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|Distributed August 10th, 2011
NR # 20110810
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|Rural Community Endeavors To Eliminate Termite Problem With Help From Forest Service Forest Products Laboratory|
One small Wisconsin town's large termite problems may well be over. Using an innovative community-wide eradication approach, a unique combination of environmentally sensitive treatments and applications over several years, US Forest Service researchers have collaborated with private businesses, local citizens, and state agencies to combat this tenacious pest.
Endeavor, Wis., is a struggling but determined rural community of about 450 people in the central part of the state. Homeowners first noticed termite activity in the mid-1980s where initial infestation was likely due to stowaway insects on railroad ties or other imported timber.
Recent work conducted out of the Forest Service's Forest Products Laboratory in Madison, Wis., led to the number of reported termites in Endeavor dropping very quickly after the first year of the project, in 2006. Ongoing monitoring has not detected any activity since fall 2009.
"It was a really big problem," said former Endeavor village clerk June Schumacher, who coordinated with Forest Products Lab researchers Rachel Arango and Rick Green starting in 2006. "Rachel and Dr. Green have been very committed. They've really went above and beyond. Anywhere we thought there might have been termites, they put bait traps. They've done a great job."
Though particular districts in large metropolitan areas, such as the French Quarter in New Orleans, have been the focus of extensive ongoing termite bait programs, the project in Endeavor is an otherwise unique case of the community-wide eradication approach in the United States. This project has helped advance an understanding of effective termite treatment applications and saved citizens of Endeavor tens of thousands of dollars in potential remediation costs.
Arango and Green worked with Alternative Pest Solutions in Madison, Wis., and the University of Wisconsin-Madison's entomology department to develop a three-stage eradication program. The relatively isolated location and confined nature of the five distinct colonies, tens of thousands of termites, in and around the village center made Endeavor an ideal candidate for such community-wide eradication efforts.
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The research team coordinated to employ the most ecologically friendly methods for detection and treatment of termites, using the least amount of toxic chemicals possible due to the potential for contamination of the town's shallow water supply and adjoining river basin.
While the financial savings per household for citizens of Endeavor is difficult to estimate with such a unique a community-wide approach, Endeavor homeowners who would have otherwise needed to contract with extermination services individually, have likely saved tens of thousands of dollars in repair costs by participating in this project.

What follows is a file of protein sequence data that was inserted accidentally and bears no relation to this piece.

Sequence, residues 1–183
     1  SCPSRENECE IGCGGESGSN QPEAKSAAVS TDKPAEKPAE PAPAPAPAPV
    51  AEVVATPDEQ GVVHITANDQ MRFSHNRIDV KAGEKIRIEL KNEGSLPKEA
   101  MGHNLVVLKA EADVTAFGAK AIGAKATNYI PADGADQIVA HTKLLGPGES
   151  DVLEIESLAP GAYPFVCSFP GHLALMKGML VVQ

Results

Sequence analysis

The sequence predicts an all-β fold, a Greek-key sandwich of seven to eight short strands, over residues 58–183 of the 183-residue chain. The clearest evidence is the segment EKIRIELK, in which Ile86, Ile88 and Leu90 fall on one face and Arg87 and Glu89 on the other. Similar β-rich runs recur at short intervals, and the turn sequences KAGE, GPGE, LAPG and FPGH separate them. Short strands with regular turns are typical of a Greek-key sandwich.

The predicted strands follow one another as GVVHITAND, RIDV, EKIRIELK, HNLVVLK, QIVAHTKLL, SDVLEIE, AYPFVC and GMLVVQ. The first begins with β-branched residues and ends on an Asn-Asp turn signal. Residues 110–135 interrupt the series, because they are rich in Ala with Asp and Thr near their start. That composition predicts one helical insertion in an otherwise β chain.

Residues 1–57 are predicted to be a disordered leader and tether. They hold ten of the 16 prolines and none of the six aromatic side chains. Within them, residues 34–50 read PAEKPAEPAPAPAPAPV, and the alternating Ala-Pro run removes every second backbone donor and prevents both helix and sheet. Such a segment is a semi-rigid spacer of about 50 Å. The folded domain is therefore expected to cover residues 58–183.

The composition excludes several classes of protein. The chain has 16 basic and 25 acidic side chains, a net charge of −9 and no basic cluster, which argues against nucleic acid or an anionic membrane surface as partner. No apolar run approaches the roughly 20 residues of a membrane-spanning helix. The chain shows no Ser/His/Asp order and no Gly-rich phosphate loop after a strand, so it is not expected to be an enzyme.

Damage and subsequent repair costs due to termite infestation nationwide is estimated to be about $11 billion annually. According to Alternative Pest Solutions, termite treatment for the average homeowner costs about $1000 to $2000 per property for initial treatment. Necessary ongoing treatments cost an additional $300 to $500 per year and can go on indefinitely. Expenses vary depending on the size of the treated structure. Repair costs to address prior damage can be thousands more.
For this project, Green and Arango acquired bait stations through the Forest Products Lab, which were initially placed only on city property. Eventually, all Endeavor homeowners were eligible to participate. Those who elected to receive treatment were covered by an arrangement through the village administration, which paid a total of $3493 annually between 2006 and 2009 for treatment and monitoring services throughout the village.
The town's location of about 43.7°N latitude, 100 miles north of where termites might typically be found, affords a unique combination of climatic, geologic, and hydrologic conditions for these destructive insects to thrive. Impending changes in global climate patterns, however, may eventually allow for natural migration of colonies further north, making eradication research at the community level all the more important.
Community education efforts throughout the project involved newsletter supplements describing what termite activity looks like and how to distinguish termites from ants. Continuing bait station observation and reporting in 2010 and 2011 have been voluntary and will continue indefinitely. Though this project has been ongoing for five years, the underground nature of most termite activity makes it difficult to say that the problem is completely "solved."
"While these persistent pests are much more clever than we initially thought, the termite may well have met its match," Arango said.
"My hat's off to the public-private partnership that teamed up to rid a small town of a vexing and expensive termite problem," said US Forest Service Chief Tom Tidwell. "This endeavor should improve property values and provide other long-term benefits for residents in this economically impacted rural community."
The Forest Products Laboratory was established in 1910 to conserve and extend the country's wood resources. FPL's work with academia, industry, and other government agencies has led to myriad ground-breaking discoveries with great benefit to the public it serves. Additional information on FPL's research is available at www.fpl.fs.fed.us.
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